Ames earns a tough victory in the PGA Tour season finale

Ames earns a tough victory in the PGA Tour season finale

Stephen Ames saved par from a bunker to avoid a playoff with Tim Clark.
David Cannon/Getty Images

LAKE BUENA VISTA, Fla. (AP) — It had been 17 months since Stephen Ames last won on the PGA Tour.

He doesn’t remember it being such a grind.

His last victory came at The Players Championship last year, where Ames made double bogey and still blew away the toughest field in golf by six shots at the TPC Sawgrass. This one came across the street from the Magic Kingdom on a resort course, where the sun cast silhouettes of Mickey Mouse ears that were atop sign posts.

“It was tough,” Ames said.

He made it difficult on himself at the end Sunday at the Children’s Miracle Network Classic, hitting into a bunker some 65 feet away from the hole with Tim Clark only one shot behind and warming up on the practice range in case of a playoff.

Ames finally ended the suspense by blasting out to 3 feet and making the par for a 4-under 68, ending an already successful season with a victory in the final PGA Tour event of the year.

Ames emerged from a crowded leaderboard with three straight birdies on the Magnolia Course to move past Scott Verplank and take a one-shot lead. But the final three holes stretch almost a mile, and Ames knew pars would be hard to find.

“If somebody had told you that you had to make three pars on the last day to win the event, you would, ‘Yeah, that’s going to be a tough feat just in itself.’ And it was,” Ames said.

Clark gave it his best shot.

He birdied six of the last 10 holes for a 66, the best score on the weekend at Disney, and went birdie-par-par that looked good until Ames came through in the clutch.

“I did everything I could, and it wasn’t enough,” Clark said.

Verplank, who shared the 54-hole lead with Ames, was tied with four holes to play until he couldn’t match Ames’ birdie on the 15th and three-putted the 16th from about 70 feet. He shot 71 and tied for third with Tag Ridings (70) and Robert Gamez (68).

The consolation prize went to Kevin Stadler, who tied for 15th to move into the top 125 and keep his card for next year. Stadler finished at No. 124, while Matthias Gronberg locked up the final spot with a tie for 37th.

Stadler began the Fall Series at No. 108 on the money list, but made only two cuts over the last six weeks and had dropped to No. 127. He played the final round knowing he was somewhere around the magic number.

“It’s not life or death, but it’s a hell of a big deal,” Stadler said.

Justin Leonard was among those atop the leaderboard in the final round until a late bogey dropped him into a tie for sixth, leaving him short of the top 30 on the money list to earn a spot in the Masters.

Gamez had a 67-68 weekend and tied for third to earn $239,200, pushing him up to No. 132 on the money list. Gamez and Jeff Gove at least moved inside the top 150, meaning they can skip the second stage of Q-school and at least have conditional status next year. Tripp Isenhour had a chance to join them, but he failed to make birdie in his round of 75.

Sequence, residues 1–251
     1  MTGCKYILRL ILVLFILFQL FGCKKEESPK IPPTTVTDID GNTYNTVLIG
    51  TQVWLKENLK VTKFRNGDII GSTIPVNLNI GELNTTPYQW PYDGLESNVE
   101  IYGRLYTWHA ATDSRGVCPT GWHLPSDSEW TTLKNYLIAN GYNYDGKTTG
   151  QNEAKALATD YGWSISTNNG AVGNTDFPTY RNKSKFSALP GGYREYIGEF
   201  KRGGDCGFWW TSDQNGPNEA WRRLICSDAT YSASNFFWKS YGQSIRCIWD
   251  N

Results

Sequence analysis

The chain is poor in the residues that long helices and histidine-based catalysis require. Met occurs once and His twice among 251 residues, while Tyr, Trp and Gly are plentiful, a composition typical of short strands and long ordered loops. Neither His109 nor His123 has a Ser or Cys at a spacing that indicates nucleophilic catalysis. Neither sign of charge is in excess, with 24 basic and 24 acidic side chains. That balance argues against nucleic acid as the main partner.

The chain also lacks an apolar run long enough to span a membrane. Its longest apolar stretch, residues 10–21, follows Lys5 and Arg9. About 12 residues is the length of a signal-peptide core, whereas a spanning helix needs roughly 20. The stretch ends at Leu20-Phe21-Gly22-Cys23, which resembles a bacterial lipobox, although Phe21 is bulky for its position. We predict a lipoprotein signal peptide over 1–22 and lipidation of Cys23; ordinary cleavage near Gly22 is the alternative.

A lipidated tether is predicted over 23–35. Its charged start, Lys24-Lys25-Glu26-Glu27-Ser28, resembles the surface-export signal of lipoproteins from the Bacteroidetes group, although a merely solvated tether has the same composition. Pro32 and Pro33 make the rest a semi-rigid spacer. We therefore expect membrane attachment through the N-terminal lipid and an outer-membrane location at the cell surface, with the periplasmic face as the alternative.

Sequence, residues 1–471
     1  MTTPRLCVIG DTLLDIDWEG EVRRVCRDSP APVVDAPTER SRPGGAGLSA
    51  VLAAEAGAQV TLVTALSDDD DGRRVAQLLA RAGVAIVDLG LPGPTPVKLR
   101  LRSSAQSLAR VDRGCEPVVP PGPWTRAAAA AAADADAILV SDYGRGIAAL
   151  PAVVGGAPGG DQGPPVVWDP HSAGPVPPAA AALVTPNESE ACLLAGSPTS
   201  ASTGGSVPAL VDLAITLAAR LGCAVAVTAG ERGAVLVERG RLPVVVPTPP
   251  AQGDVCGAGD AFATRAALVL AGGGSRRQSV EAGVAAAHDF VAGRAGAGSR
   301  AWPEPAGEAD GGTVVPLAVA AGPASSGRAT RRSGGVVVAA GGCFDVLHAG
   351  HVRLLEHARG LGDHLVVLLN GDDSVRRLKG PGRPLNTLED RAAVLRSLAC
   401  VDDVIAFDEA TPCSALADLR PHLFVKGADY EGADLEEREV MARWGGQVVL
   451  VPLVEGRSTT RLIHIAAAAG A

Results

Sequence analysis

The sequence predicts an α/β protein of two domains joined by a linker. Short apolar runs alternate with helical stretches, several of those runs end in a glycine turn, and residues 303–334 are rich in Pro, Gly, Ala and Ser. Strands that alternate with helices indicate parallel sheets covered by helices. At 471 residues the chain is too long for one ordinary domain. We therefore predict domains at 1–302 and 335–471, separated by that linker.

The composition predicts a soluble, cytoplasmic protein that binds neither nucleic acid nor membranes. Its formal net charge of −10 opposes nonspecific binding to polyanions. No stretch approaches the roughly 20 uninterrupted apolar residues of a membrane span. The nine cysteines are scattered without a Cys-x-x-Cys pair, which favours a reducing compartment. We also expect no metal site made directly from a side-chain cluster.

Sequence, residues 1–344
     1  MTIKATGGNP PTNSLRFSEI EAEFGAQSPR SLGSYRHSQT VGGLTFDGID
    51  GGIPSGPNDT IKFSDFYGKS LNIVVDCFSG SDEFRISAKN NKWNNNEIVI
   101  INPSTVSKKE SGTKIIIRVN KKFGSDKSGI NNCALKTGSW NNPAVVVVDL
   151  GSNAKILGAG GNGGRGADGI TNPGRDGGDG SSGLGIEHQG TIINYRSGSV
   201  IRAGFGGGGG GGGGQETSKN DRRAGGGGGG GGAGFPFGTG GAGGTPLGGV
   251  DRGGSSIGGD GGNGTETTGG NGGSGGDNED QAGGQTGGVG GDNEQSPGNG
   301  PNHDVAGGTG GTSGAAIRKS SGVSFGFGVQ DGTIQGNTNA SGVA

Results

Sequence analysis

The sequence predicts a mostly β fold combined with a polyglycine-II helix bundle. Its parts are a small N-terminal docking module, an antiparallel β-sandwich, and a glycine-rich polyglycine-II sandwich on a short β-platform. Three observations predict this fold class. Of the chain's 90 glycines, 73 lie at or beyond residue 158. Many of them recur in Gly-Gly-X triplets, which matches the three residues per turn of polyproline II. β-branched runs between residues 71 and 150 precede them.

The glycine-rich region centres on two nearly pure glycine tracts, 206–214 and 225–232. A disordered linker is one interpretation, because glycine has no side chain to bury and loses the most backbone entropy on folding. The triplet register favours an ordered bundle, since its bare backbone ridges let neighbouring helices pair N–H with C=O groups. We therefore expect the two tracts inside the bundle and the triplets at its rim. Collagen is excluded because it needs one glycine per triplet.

Ames now settles into a long winter’s nap, easy to do when a guy raised in the Caribbean (Trinidad & Tobago) moves to Calgary and becomes a Canadian citizen.

“It’s a dry cold,” he said. “It doesn’t go through you. It hits you and bounces off.”

The golf courses in Calgary have been closed for a month now, so Ames decided to escape the chill one last time and play in the tour’s season finale at Disney. It helped that his swing coach, Sean Foley, lives in Orlando, and Ames knew they could check on his swing.

It’s not there yet, but getting pretty darn close.

He finished at 17-under 271, the highest winning score since Tiger Woods had the same score in 1999.

“It was a grind coming down to the end there, and it was nice to be in that situation, because I wanted to see how my golf swing held up,” Ames said. “Parts of it held up, and parts didn’t. I know I have a few things to work on for next year.”

The next few weeks will give him time to reflect on this year, which he counted a success even before he won a trophy.

Ames has dealt with back injuries the past several years and wanted to find out why he was hurting, so he hooked with Foley and revamped his swing. He found progress in being among those tied for the lead on the final day at Oakmont at the U.S. Open, and in playing in the final group with Woods at Southern Hills in the PGA Championship.

And he found validation, for sure, by winning at Disney.

His lone bogey came on a three-putt at the 11th, falling one shot behind Verplank, but then came the defining moment of his tournament. He hit a wedge to the back pin at No. 13 to 12 feet for eagle, poured in a 10-foot putt to match birdies with Verplank on the par-5 14th and stay even, then hit a 4-iron that covered the flag and settled 8 feet away on the 204-yard 15th.

“That was a clutch shot,” Ames said.

The money shot turned out to be from a bunker on the 18th hole, and it was worth $828,000 to Ames.

It was his third career victory, and gave Ames strong vibes heading into next season. He has only one event left this year, as defending champion at the Skins Game over Thanksgiving weekend. Then it’s off to Hawaii.

Ames was going, anyway, having scheduled a family vacation on Maui.

“Now I have another reason to go,” he said, alluding to the winners-only Mercedes-Benz Championship at Kapalua. His caddie was wearing a Kapalua shirt under his bib, so maybe that was a good omen.

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